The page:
Further Reading

Popular
Schiestl, F.P. and Peakall R. (2002) Floral odour and insect olfaction. New tricks to unlock secrets of orchid pollination. Orchids. 71, 906-915.

Selected Scientific Publications on Australian Orchids (to February 2007)
Flanagan, N.S., Peakall, R., Clements, M.A., and Otero, J.T. (2007) Molecular genetic diagnosis of the 'taxonomically difficult' Australian endangered orchid, Microtis angusii: An evaluation of the utility of DNA barcoding. Lankesterian a 7, In press.

Peakall, R. (2007) Orchid speciation - confronting the challenges.   Molecular Ecology , In press.   Invited News and Views Commentary

Flanagan, N.S., Peakall, R., Clements, M.A., Otero, J.T. (2007) Identification of the endangered Australian orchid Microtis angusii using allele-specific PCR assay.   Conservation Genetics, In press (DOI 10.1007/s0592-006-9198-6)

Flanagan, N.S., Peakall, R., Clements, M.A., Otero, J.T., (2006) Conservation of taxonomically difficult species: the case of the Australian orchid, Microtis angusii . Conservation Genetics 7, 847-859 (DOI 10.1007/s10592-006-91119-8.)

Flanagan, N.S., Ebert, D., Porter, C., Rossetto, M., and Peakall, R. (2006) Microsatellite markers for evolutionary studies in the sexually deceptive orchid genus Chiloglottis , Molecular Ecology Notes 6, 123-126 (DOI 10.1111/j.1471-8286.2005.001161.x)

Mant, J., Bower, C.C., Weston, P.H. and Peakall, R. (2005) Phylogeography of pollinator-specific sexually deceptive Chiloglottis taxa (Orchidaceae): evidence for sympatric divergence? Molecular Ecology 14, 3067-3076

Schiestl, F.P., and Peakall, R. (2005) Identical sex pheromones but differing behavioral responses in pollinators of two sexually deceptive orchids.   Functional Ecology, 19, 674-680.

Mant, J., Peakall, R., and Weston, P.H. (2005) Specific pollinator attraction and the diversification of sexually deceptive Chiloglottis (Orchidaceae). Plant Systematics and Evolution , 253, 185-200

Mant, J., Peakall, R., and Schiestl, F.P. (2005) Does selection on floral odor promote differentiation among populations and species of the sexually deceptive orchids, Ophrys.   Evolution 59, 1449-1463.

Peakall, R., and Schiestl, F.P. (2004) A mark-recapture study of male Colletes cunicularius bees: implications for pollination by sexual deception.   Behavioral Ecology and Sociobiology 56, 579-584.

Schiestl, F.P., Peakall, R. and Mant, J. (2004) Chemical communication in the sexually deceptive orchid genus Cryptostylis .   Botanical Journal of the Linnean Society 144, 199-205.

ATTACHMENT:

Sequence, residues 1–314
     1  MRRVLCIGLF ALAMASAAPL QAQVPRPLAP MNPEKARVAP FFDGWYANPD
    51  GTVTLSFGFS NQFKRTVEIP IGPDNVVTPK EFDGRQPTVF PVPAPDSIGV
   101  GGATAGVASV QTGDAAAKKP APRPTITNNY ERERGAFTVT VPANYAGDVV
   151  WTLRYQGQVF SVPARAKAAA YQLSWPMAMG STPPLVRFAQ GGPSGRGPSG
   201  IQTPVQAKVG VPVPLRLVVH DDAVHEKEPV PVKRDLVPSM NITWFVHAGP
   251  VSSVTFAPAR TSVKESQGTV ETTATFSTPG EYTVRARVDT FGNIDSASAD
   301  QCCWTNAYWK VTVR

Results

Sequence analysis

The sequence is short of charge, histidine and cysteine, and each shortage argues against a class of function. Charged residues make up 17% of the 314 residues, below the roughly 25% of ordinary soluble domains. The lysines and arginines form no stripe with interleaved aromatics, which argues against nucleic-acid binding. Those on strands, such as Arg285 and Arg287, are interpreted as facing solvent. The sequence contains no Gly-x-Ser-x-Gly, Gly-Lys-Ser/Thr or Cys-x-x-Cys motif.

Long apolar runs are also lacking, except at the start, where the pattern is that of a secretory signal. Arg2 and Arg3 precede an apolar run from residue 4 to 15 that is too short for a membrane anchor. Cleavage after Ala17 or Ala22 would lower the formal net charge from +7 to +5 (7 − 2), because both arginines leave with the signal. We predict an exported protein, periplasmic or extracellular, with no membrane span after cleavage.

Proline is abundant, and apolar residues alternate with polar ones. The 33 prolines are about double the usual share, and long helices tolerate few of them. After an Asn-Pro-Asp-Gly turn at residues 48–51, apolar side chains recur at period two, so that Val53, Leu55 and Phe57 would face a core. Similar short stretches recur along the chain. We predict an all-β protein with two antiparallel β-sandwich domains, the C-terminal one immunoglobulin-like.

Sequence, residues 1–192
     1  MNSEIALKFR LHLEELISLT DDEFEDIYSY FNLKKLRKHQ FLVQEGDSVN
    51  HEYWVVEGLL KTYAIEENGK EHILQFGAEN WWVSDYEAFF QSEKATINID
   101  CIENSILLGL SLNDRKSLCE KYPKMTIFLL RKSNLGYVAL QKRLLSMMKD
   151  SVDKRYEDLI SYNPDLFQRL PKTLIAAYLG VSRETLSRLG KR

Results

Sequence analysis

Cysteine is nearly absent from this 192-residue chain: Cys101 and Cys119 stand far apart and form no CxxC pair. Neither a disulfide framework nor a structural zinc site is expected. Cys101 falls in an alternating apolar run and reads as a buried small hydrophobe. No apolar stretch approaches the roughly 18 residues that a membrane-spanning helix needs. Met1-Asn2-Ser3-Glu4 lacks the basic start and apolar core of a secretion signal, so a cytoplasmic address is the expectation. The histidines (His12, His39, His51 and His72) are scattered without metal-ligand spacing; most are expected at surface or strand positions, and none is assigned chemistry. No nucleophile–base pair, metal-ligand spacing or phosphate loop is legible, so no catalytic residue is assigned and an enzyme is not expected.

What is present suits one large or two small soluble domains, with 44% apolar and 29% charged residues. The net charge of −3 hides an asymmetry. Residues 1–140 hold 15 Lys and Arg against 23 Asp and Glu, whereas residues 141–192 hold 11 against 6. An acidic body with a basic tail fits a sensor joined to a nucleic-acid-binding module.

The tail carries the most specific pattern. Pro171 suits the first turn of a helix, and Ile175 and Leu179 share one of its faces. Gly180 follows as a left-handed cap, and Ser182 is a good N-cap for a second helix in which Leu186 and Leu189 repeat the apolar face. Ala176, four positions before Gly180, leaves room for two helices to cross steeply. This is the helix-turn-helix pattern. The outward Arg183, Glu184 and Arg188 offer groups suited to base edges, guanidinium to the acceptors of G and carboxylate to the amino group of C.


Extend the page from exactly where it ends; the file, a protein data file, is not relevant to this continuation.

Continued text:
Schiestl, F.P., Peakall, R., Mant, J.M., Ibarra, F., Schulz, C., Franke, S and Francke, W. (2003) The chemistry of sexual deception in an orchid-wasp pollination system. Science 302, 437-438. Published October 17.

Schiestl, F.P., Peakall, R. and Mant, J. (2003) Chemical communication in the sexually deceptive orchid genus Cryptostylis. Botanical Journal of the Linnean Society (in press). Accepted Aug 28, 2003.

Mant, J.G., Schiestl, F.P., Peakall, R., and Weston, P.H. (2002) A phylogenetic study of pollinator conservatism among sexually deceptive orchids. Evolution 56, 888-898.

Peakall, R., Jones, L., Bower, C. C. and Mackey, B. G. (2002) Bioclimatic assessment of the geographic and climatic limits to hybridisation in a sexually deceptive orchid system. Australian Journal of Botany 50, 21-30.

Peakall, R., Bower, C. C., Logan, A. E., and Nicol H. I. (1997) Confirmation of the hybrid origin of Chiloglottis X pescottiana R. S. Rogers (Orchidaceae: Diurideae). 1. Genetic and morphometric analysis. Australian Journal of Botany 45, 839-855.

Peakall, R., and Beattie, A. J. (1996). Ecological and genetic consequences of pollination by sexual deception in the orchid Caladenia tentaculata. Evolution 50, 2207-2220.

Peakall, R. (1990) Responses of male Zaspilothynnus trilobatus wasps to females and the sexually deceptive orchid it pollinates. Functional Ecology 4, 159-167.

Peakall, R., Angus, C. J. and Beattie, A. J. (1990) The significance of ant and plant traits for ant pollination in Leporella fimbriata. Oecologia 84, 457-460.

Peakall, R. (1989a) The unique pollination of Leporella fimbriata (Orchidaceae) by pseudocopulating winged male ants Myrmecia urens (Formicidae). Plant Systematics and Evolution 167, 137-148.

Peakall, R., Beattie, A. J., and James, S. H. (1987) Pseudocopulation of an orchid by male ants: A test of two hypotheses accounting for the rarity of ant pollination. Oecologia 73, 522-524.

Full Publications List